Have You Had Your Flavonoids Today?

FlavanoidsJacquieIconBy Jacquie Eubanks

Flavonoids, you say? You may not have heard of them, but you are likely experiencing some of their health benefits if you are regularly drinking tea, eating colorful fruits and veggies, or are enjoying a glass of red wine with dinner. There are over 5,000 identified compounds of naturally occurring plant pigments known as flavonoids. In general, the more colorful the plant-based food, the more beneficial flavonoids it contains. As antioxidants, flavonoids play a role in reducing heart disease, stroke and cancer risks and may protect against cognitive and age-related functional decline. Flavonoids, however, are not just your average antioxidants. Scientists have discovered that certain flavonoids have anti-inflammatory, antiviral, antimicrobial, anticancer and antihistamine benefits and may have mood and memory enhancing properties as well.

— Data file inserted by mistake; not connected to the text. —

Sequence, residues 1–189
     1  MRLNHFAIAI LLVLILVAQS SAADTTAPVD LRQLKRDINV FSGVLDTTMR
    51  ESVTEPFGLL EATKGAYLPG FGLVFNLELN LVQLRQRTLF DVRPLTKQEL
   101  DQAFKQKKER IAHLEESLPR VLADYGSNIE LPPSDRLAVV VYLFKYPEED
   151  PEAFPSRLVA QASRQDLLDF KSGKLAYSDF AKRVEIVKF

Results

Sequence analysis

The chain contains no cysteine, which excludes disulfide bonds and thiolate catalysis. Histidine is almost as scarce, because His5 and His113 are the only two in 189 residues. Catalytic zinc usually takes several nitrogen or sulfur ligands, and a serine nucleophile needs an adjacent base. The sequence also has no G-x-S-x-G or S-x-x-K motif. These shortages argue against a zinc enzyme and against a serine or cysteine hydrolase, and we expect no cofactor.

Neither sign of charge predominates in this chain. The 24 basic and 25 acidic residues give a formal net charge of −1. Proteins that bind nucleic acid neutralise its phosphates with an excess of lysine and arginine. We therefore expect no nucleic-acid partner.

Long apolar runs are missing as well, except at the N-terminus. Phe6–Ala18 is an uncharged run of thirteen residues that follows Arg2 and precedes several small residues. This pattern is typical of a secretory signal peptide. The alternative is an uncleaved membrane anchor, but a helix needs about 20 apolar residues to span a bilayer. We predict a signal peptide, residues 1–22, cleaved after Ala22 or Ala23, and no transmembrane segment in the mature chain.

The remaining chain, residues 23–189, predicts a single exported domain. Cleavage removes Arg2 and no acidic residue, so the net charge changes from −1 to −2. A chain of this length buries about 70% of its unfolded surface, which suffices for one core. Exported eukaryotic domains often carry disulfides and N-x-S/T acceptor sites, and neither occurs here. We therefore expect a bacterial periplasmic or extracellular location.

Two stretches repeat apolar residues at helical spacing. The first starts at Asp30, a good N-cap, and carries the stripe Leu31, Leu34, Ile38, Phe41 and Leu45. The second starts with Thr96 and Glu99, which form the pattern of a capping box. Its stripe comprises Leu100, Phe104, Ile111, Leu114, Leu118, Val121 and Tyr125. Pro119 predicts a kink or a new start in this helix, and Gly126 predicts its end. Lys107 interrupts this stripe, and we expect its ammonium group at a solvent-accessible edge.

Flavonoids are bioactive phytonutrients that are chemically classified as polyphenols. Also known as flavonols, isoflavones and anthocyanidins, flavonoids play a wide variety of roles in human, plant and animal health. Flavonols are believed to be plant protective and play a functional role in plant wound repair and providing living plants protection against pests and diseases. In the human diet, whole plant foods provide life sustaining essential nutrients and other beneficial compounds. In addition to basic nutrition, the bioactive components found in functional foods are not only health promoting, they also play a significant role in chronic disease prevention. According to The American Journal of Clinical Nutrition, it is estimated that one third of all cancer deaths in the United States might be avoided with appropriate dietary changes, including increased consumption of nutrient dense fruits and vegetables, legumes and whole grains.